Extension agent discovers invasive pest in South Carolina

By Tom Hallman

Eucalyptus beetleA tiny hitchhiker newly discovered in South Carolina could mean trouble for homeowners who relish the sweet smell of eucalyptus trees.  

"A homeowner brought it into the Lexington Extension office from West Columbia. I knew it was a tortoise beetle, it was just a matter of finding out what kind it was," said Vicky Bertagnolli, a Clemson Extension Extension agent in Lexington County. "Eucalyptus typically doesn't have that many pests, so it was pretty easy to find."  

Once she had identified the invasive pest as a eucalyptus leaf beetle, Bertagnolli sent photos to the U.S. Department of Agriculture and entomologists at Texas A&M and Auburn University for independent confirmation.  

Separate samples of the bugs then arrived at the Plant Problem Clinic, a part of Clemson's Regulatory Services unit, from a retail nursery in Richland County and a homeowner in Chester.  

The bugs likely hitched a ride on a shipment of eucalyptus from the other side of the continent, Bertagnolli said. They can cause extensive damage to eucalyptus leaves, potentially endangering the plant.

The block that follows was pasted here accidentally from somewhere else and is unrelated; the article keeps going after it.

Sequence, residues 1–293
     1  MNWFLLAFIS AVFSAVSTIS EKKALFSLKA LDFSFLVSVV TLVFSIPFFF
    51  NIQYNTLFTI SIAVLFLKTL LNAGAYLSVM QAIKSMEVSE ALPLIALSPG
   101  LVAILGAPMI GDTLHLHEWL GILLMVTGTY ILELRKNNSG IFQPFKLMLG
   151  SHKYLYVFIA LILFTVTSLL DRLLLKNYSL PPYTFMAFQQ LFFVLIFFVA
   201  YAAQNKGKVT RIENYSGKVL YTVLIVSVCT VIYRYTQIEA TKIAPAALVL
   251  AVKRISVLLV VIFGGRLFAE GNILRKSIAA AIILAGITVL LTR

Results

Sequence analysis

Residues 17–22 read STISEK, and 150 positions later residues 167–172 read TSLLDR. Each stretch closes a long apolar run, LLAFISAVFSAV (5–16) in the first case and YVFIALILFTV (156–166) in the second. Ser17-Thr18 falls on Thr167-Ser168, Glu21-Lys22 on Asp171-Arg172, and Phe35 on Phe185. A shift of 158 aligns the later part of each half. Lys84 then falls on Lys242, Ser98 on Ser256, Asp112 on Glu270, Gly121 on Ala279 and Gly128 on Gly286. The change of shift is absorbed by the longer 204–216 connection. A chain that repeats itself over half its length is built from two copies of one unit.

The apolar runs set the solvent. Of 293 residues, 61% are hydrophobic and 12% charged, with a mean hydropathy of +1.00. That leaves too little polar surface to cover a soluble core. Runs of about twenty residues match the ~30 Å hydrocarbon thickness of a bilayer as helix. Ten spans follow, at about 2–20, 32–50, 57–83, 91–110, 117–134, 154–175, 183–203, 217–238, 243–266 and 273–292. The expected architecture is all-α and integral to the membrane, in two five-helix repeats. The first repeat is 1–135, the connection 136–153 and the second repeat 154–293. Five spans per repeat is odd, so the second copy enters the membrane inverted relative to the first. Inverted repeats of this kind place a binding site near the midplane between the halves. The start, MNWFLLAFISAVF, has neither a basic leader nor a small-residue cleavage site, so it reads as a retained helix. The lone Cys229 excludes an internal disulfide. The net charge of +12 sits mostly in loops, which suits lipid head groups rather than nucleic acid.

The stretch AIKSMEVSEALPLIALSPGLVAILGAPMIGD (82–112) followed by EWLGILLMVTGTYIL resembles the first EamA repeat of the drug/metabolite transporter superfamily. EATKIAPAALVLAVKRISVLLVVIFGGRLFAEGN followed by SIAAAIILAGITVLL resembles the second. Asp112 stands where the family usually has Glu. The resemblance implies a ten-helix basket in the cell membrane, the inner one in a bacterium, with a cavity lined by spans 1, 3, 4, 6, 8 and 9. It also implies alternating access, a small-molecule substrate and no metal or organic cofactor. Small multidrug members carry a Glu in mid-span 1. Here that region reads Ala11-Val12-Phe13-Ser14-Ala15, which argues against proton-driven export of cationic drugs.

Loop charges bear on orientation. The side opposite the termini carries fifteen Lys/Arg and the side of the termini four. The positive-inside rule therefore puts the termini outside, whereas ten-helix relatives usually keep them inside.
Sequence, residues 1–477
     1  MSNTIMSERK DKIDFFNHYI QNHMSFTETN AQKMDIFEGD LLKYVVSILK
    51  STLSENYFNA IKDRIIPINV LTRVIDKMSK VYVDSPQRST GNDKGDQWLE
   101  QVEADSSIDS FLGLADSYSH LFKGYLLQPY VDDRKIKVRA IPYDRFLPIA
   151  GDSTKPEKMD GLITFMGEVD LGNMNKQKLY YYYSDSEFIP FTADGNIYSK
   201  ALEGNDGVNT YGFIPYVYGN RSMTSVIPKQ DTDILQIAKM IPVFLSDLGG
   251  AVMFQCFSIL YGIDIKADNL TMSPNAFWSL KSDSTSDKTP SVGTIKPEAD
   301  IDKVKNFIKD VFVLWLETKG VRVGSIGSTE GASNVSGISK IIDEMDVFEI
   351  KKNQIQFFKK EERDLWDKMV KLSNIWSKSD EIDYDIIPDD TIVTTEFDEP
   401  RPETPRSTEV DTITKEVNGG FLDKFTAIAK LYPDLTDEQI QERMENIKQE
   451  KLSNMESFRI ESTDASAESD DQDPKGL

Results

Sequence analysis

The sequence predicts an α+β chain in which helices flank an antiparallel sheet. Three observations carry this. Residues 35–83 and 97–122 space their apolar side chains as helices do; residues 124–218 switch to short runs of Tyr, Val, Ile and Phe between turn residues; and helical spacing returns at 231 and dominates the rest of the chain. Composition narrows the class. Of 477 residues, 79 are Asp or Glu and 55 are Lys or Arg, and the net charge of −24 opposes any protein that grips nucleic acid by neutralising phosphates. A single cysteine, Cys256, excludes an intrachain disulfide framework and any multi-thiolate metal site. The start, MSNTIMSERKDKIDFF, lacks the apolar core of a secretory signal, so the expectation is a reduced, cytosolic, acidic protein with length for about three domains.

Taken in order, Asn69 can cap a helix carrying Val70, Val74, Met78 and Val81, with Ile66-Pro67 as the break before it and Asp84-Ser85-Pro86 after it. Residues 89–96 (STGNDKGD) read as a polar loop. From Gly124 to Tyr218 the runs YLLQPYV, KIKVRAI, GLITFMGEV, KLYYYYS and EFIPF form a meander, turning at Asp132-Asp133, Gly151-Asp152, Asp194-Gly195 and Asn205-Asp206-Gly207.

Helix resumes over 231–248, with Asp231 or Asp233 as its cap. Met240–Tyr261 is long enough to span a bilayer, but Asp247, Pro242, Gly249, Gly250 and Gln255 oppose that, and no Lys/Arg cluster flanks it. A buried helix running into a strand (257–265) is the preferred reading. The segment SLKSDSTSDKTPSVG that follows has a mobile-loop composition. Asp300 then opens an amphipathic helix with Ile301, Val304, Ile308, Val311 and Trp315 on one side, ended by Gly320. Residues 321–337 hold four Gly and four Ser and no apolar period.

"They have a big problem with the beetles on commercial eucalyptus in California," Bertagnolli said. "In South Carolina we don't have commercial eucalyptus production, but it certainly could be a problem in landscapes."  

A popular tree in home and business landscapes, the eucalyptus is prized both for its look and its aroma. It thrives in warm climates and many varieties sport an eye-catching, silvery leaf.  

The eucalyptus beetle is a regulated pest in California, but not nationally, said Sherry Autlman, who coordinates Clemson’s Cooperative Agricultural Pest Survey (CAPS) program. Until now, it had never ventured into South Carolina.  

"They found the first species of eucalyptus beetle in Riverside County in 1998. It's in most of the counties in California now," Bertagnolli said. "A second species was discovered in Orange County in 2003, and by 2009 had found its way into four nearby counties. That's the species we found here. It had remained relatively contained until it hitched a ride east."  

Learn more about the eucalyptus leaf beetle

http://www.clemson.edu/public/regulatory/plant_industry/invasive_exotic_programs/eucalyptusleafbeetle.html